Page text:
) so that the returned color takes into account the diffuse and specular contribution of the light sources. (Taking into account whether or not the point of intersection is in shadow with respect to a particular light.)(1)Modify the implementation ofGroup::intersect(Rayray,IntersectionInfo&iInfo) (in`group.[cpp/h]`

) to take into account the local transformation of theGroup. (You can do this by using the transformation to convert the ray into object coordinates, computing the intersection, using the local transformation to convert intersection properties back into world coordinates, etc.)(1)Modify the implementation ofGetColor(Scenescene,Rayray,IntersectionInfoiInfo,intrDepth,floatcLimit) (in`ray.[cpp/h]`

to recursively cast reflected rays at the point of intersection and add the reflected color contribution to returned color value.(1)Modify the implementation ofGetColor(Scenescene,Rayray,IntersectionInfoiInfo,intrDepth,floatcLimit) (in`ray.[cpp/h]`

) to recursively cast refracted rays through the point of intersection and add the refracted color contribution to returned color value. (For now, you should ignore the refraction index.)- (1) Implement a jittered supersampling scheme to reduce aliasing by casting multiple rays per pixel, randomly jittered about pixel centers, and averaging the radiance samples.
- (2) Accelerate ray intersection tests with hierarchical bounding boxes. To do this you will have to:

- Implement
BoundingBox::BoundingBox(Point3D*pList,intlistSize) constructor. (This will create a box containing the specified list of points.)- Implement
BoundingBox::operator+(BoundingBoxb) method. (This will return a bounding box which contains the union of the two bounding boxes.)- Implement the
BoundingBox::intersect(Rayray) method. (This will return the distance along the ray to the nearest point of intersection with the bounding box.)- Implement the
BoundingBox::transform(Matrixm) method. (This will return the bounding box containing the transformed -- no longer axis aligned -- bounding box.)- Implement the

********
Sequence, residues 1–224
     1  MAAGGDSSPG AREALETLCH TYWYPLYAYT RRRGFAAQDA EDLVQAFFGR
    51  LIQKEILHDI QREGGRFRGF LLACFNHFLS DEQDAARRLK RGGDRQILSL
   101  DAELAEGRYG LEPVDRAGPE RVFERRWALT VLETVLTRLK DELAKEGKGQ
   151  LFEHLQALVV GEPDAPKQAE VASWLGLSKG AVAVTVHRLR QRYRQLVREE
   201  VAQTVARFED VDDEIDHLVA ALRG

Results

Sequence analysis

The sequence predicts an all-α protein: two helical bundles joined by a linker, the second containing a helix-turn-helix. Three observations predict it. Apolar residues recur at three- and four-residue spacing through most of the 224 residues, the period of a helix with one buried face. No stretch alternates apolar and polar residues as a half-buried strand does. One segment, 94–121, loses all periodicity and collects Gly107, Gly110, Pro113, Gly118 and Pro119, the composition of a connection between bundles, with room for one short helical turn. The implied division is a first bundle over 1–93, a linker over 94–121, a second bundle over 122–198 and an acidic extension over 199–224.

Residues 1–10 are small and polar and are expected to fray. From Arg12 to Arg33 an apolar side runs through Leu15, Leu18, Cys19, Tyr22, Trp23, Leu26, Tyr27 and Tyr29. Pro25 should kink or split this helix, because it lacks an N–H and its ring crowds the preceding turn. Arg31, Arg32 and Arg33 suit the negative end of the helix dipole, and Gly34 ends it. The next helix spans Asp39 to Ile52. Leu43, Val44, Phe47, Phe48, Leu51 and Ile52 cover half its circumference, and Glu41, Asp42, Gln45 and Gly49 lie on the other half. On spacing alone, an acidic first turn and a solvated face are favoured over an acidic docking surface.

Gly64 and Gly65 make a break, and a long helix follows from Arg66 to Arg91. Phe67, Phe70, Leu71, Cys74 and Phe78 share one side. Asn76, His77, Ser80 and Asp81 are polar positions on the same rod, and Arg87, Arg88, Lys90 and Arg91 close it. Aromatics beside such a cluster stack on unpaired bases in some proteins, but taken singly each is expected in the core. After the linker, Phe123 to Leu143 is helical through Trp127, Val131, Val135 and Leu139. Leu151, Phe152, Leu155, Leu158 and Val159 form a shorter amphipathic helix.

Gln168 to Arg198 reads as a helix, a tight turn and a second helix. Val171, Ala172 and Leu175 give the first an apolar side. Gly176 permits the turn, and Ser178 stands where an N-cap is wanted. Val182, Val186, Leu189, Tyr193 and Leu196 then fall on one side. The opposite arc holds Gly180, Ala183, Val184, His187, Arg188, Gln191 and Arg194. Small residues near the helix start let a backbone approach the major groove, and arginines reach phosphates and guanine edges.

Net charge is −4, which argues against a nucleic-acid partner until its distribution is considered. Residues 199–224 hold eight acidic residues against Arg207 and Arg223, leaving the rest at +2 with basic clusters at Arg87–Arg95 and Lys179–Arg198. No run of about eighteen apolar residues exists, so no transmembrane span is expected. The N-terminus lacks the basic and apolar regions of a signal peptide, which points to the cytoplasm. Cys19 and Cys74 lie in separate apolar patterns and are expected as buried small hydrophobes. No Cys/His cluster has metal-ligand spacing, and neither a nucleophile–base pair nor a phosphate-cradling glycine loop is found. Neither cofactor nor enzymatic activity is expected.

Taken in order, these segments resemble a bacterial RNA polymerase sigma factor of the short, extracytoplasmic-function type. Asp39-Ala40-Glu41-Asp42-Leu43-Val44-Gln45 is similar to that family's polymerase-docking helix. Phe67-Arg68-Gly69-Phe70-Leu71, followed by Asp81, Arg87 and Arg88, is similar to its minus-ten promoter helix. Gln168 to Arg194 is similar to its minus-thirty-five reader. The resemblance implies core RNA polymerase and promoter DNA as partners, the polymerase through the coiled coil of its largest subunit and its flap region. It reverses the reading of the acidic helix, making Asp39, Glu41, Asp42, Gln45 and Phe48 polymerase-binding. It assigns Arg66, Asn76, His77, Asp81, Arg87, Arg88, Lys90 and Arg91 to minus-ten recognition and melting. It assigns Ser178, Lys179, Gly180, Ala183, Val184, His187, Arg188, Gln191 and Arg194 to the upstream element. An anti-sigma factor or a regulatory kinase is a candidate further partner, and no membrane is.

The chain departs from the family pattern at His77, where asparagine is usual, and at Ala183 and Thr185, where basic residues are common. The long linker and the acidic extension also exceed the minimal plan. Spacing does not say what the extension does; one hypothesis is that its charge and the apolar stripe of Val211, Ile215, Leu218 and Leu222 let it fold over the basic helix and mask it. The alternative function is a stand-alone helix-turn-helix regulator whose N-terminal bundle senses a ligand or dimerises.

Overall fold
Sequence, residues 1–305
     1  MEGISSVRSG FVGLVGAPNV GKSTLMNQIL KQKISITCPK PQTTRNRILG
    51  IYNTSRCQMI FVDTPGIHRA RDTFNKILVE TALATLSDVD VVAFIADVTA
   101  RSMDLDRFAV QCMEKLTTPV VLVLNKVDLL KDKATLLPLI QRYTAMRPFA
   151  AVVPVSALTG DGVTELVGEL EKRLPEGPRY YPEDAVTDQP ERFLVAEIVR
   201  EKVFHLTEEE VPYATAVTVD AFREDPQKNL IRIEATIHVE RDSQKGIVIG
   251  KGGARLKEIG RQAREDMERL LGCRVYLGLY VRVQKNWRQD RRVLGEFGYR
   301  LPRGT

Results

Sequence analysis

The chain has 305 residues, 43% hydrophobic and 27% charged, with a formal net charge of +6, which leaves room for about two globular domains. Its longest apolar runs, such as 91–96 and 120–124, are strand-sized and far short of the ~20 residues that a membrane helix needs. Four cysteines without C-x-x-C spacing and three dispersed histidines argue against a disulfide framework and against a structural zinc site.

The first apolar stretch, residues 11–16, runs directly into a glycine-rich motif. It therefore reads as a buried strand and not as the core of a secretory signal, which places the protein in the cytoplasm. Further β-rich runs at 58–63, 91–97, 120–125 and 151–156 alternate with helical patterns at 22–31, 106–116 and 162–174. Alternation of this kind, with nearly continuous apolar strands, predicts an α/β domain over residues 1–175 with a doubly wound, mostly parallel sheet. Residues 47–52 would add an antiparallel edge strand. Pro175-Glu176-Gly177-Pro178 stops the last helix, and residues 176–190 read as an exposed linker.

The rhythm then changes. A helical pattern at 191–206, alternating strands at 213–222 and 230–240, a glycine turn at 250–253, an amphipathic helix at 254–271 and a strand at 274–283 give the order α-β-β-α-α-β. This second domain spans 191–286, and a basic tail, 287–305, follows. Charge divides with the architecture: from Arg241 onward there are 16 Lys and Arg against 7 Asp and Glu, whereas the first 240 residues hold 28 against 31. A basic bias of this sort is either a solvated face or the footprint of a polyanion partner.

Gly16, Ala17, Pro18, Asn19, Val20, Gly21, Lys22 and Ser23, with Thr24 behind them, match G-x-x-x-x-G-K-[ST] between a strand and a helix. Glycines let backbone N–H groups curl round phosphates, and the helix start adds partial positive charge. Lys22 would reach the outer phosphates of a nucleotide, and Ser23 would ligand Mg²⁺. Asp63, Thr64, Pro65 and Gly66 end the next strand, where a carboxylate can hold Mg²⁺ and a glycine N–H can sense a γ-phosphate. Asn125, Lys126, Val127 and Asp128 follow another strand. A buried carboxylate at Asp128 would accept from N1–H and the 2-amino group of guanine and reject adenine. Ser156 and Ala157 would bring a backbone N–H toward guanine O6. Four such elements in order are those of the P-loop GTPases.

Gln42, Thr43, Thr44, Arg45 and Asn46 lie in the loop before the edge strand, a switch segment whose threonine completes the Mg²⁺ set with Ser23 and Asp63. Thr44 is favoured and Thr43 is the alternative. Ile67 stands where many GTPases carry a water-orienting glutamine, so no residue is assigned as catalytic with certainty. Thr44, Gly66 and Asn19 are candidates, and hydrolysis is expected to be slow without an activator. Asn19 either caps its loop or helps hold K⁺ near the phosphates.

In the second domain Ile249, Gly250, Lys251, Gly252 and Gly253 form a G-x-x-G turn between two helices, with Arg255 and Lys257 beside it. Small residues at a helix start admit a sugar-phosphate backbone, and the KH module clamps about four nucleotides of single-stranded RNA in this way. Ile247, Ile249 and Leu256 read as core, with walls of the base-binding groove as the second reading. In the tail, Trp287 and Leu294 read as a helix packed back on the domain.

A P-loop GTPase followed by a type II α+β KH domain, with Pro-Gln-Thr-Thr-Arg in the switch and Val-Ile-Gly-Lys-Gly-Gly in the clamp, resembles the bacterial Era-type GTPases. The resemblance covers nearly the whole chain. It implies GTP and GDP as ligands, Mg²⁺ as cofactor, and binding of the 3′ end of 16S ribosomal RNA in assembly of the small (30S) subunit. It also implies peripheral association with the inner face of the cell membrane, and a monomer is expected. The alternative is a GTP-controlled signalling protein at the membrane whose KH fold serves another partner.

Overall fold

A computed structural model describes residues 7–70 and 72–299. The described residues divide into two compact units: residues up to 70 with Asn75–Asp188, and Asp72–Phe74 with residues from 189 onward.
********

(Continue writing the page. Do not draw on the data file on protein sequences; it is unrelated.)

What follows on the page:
Shape::getBoundingBox(void) for each of theShapesubclasses that you have implemented. This method will have to return the bounding box for that shape. Additionally, when modifyingGroup::getBoundingBox(void) you will have to accumulate the bounding boxes of all the childShapes, transform them, find the bounding box of the transformed bounding box, store that and return it. (Note: When the parser is done reading the .ray file it automatically calls theShape::getBoundingBox(void) method for the root node, so that if you have implemented this method for all of the subclasses ofShape, the bounding boxes are already in place to be used for intersection queries, and you do not have to reset them.)- Implement
Group::intersect(Rayray,IntersectionInfo&iInfo) to support testing ray intersection with the bounding box before testing for intersection with all childShapes.- Optimize the bounding box hierarchy so that when
Group::intersect(Rayray,IntersectionInfo&iInfo) is called, theGroupchecks all the bounding boxes first, chooses the one closest to theRay, tests for intersection with theShapecorresponding to the bounding box and only tests thoseShapes whose bounding box intersection is closer then the current closest intersection point.- (2) Modify
Triangle::intersect(Rayray,IntersectionInfo&iInfo) (in`triangle.[cpp/h]`

) to return the texture coordinates at the point of intersection and modifyGetColor(Scenescene,Rayray,IntersectionInfoiInfo,intrDepth,floatcLimit) to support texture mapping (with bilinear interpolation of texture samples).- (1) Use the index of refraction and Snell's Law to calculate the correct direction of rays trasmitted through transparent surfaces and modify